Much research and development has been performed regarding the utilization of existing and new technology for hip arthroscopy. Intraoperative navigation systems have been developed to aid surgeons in determining the adequacy of bony resection. Traditionally, adequacy of bony resection was determined through traditional intraoperative fluoroscopy. These new intraoperative systems not only provide intraoperative feedback, but allow for the generation of post-operative reports, which can be given to patients. These systems use a combination of intra-operative images to generate a virtual three-dimensional representation of the femoral head, and calculates a live alpha angle for perfect resection.
The mainstay of treatment of femoroaceatabular impingement is correction of any underlying bony abnormality. Currently, this is performed through hip arthroscopy. A combination of burrs and shavers are used to remove excess bone and restore, as best as possible, normal anatomy. Careful attention must be paid to the labrum as well. Successful hip arthroscopy is dependent on correction of underlying CAM and pincer deformities, in addition to repair or reconstruction of labral pathology. Traditionally, proper correction of underlying bony abnormality was determined through the use of intraoperative fluoroscopy. This method, however, is quite subjective, and incomplete resection of bony pathology has been found to be a major predictor of poor outcomes following hip arthroscopy.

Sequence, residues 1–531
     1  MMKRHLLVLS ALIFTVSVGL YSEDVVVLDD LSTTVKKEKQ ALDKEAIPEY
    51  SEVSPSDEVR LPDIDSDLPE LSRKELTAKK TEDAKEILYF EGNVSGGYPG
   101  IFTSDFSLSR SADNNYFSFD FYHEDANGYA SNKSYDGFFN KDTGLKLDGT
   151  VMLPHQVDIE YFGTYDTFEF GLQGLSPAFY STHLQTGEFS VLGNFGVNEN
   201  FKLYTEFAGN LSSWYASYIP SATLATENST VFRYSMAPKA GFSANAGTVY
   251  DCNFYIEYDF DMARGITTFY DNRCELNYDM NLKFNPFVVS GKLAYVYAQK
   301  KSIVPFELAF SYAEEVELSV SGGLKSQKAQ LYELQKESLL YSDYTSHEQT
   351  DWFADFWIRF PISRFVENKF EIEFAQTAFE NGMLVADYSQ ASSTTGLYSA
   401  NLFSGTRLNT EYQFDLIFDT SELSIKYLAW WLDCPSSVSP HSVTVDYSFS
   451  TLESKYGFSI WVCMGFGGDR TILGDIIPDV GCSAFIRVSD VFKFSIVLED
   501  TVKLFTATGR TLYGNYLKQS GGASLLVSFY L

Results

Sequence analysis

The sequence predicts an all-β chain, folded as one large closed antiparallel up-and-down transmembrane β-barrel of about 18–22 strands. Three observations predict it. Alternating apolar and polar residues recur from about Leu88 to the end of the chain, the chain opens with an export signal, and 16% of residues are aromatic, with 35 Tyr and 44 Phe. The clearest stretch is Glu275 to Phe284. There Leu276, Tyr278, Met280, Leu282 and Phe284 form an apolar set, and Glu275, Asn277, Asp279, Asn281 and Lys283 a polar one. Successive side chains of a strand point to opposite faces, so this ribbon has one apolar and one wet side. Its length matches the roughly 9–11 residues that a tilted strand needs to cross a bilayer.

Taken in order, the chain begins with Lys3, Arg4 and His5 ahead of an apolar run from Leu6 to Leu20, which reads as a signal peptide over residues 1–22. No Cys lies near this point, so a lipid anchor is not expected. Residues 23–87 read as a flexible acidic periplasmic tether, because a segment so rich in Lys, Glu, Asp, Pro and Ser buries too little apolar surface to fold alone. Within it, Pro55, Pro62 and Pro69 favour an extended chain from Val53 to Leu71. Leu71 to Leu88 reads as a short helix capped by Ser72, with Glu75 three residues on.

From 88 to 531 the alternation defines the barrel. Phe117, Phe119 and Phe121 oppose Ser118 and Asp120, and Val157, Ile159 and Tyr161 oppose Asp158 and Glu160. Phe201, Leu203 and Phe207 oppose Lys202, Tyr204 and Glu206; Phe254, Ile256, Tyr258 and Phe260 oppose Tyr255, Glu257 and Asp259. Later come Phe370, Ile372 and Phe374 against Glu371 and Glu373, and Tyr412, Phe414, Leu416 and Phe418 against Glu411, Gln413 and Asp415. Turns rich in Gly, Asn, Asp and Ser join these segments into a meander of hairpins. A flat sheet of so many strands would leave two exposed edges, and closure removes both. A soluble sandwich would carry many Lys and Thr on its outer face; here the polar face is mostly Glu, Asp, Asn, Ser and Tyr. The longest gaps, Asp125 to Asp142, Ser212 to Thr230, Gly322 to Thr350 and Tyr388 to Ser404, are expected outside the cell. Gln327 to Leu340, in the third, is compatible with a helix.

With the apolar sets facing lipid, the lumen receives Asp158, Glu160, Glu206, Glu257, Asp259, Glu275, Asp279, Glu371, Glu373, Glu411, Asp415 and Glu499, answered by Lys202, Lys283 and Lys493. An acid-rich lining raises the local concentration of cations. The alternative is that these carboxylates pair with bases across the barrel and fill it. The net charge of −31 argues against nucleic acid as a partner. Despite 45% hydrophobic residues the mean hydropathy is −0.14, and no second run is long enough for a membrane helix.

The Stryker Hip Check™ is the first-ever intraoperative navigation system for hip arthroscopy performed for correction of underlying CAM-type FAI. Hip Check™ utilizes intraoperative fluoroscopy to generate side-by-side comparisons of pre and post-resection images to validate the adequacy of resection.
The images can be saved and printed and provided to patients to demonstrate just how much correction was performed. No longer do surgeons need to guess and doubt just how adequate their resection was. With Stryker Hip Check™, under or overcorrection of CAM-type deformities can become a thing of the past.